James Rowland: Piece of Work

James Rowland with Attic theatre company

James Rowland: Piece of Work

How does one deal with loss? It’s a perennial question that art has sought to answer, and one that James Rowland contends with here on more than one level. Starting the performance by genially welcoming the audience in and changing into some comfortable pyjamas, it’s clear that Rowland wants everyone at ease, and warning that the piece will discuss both Hamlet and suicide.

It’s a story of fathers and brothers, of love and kindness, and on the nostalgia of being separated and then reunited. But above all, it’s Rowland investigating his own sense of grief and loss, both for those already moved on and that anticipatory terror of the inevitable that others will go someday. In explaining his past and the complexities of his adoptive relationship with his brother Chris and his sibling’s estrangement from his real father, himself a friend of Rowlands, we are entered into a complex emotional web.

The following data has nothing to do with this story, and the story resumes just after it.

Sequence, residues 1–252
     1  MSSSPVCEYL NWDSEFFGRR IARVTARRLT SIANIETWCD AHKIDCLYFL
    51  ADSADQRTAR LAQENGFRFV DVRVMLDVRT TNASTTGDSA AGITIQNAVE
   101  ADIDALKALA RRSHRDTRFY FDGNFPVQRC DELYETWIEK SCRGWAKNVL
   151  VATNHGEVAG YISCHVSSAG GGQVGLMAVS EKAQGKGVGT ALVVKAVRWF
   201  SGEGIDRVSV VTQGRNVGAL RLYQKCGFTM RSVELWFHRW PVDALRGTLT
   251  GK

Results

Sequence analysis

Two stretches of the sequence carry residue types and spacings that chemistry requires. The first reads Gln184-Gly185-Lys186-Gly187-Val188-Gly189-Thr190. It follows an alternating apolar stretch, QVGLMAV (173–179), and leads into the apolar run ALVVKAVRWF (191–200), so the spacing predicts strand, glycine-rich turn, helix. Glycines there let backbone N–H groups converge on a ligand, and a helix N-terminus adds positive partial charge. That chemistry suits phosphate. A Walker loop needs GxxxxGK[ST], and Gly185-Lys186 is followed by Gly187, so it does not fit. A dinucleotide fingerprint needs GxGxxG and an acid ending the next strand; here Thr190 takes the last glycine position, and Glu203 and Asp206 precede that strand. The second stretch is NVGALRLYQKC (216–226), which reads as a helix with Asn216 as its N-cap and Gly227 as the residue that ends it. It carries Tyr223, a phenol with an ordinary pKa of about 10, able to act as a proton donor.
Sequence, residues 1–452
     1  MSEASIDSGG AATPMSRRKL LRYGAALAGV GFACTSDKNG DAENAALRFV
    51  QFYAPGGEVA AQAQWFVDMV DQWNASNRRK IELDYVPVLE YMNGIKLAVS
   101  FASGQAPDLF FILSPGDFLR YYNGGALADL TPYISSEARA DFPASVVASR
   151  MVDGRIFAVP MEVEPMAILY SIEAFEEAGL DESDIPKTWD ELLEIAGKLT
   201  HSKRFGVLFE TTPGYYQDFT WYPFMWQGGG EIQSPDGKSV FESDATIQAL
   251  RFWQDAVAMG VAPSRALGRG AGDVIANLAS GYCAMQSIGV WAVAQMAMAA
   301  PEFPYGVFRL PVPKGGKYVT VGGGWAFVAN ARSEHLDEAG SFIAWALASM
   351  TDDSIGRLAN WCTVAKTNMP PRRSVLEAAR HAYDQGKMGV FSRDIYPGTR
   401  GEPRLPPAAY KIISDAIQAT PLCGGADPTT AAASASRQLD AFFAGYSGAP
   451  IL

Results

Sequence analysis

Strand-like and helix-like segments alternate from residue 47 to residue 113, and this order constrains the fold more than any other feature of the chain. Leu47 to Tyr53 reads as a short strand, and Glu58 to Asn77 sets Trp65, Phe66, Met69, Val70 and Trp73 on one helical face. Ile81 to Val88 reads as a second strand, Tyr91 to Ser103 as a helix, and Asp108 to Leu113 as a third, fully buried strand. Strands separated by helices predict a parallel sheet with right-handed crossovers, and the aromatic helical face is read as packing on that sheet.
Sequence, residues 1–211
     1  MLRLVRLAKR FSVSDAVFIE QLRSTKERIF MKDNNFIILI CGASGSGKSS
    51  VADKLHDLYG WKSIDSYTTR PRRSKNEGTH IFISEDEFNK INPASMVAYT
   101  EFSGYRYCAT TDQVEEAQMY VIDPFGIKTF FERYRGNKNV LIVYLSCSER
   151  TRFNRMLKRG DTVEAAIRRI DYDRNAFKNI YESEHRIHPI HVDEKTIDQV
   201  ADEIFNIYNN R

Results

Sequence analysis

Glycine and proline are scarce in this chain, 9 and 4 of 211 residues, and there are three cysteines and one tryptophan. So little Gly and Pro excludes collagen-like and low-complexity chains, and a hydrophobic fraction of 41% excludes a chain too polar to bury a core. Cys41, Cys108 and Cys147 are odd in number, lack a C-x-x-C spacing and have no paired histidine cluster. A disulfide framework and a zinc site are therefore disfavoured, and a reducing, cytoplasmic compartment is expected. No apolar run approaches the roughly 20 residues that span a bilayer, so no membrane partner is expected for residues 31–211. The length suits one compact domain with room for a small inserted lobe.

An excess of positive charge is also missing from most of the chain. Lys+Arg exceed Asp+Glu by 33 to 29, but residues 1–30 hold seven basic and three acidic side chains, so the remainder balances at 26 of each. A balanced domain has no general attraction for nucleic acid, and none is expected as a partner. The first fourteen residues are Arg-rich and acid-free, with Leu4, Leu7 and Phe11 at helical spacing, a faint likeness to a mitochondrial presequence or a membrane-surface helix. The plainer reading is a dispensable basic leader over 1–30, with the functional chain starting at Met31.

It’s an intriguing starting point, particularly as Rowland’s effortless charm and natural skills as a raconteur mean that you’re never sure which way this tale is going to turn in the telling. The comparison with Hamlet as a thematic touch-base is apt, the Bard’s story of lost fathers and troubled sons itself ponders the existential meaning of life and of death at one's own hands.

It’s a sometimes warm, sometimes melancholic journey through the difficulties of life. But as Rowland pieces together old atlas pages and makes self-deprecatory comments about over-consumption of chicken burgers, it’s clear that the clearest maps of ourselves are not put on paper, but rather written in the ripples we mark between our lives and others.

Reviewer: Graeme Strachan

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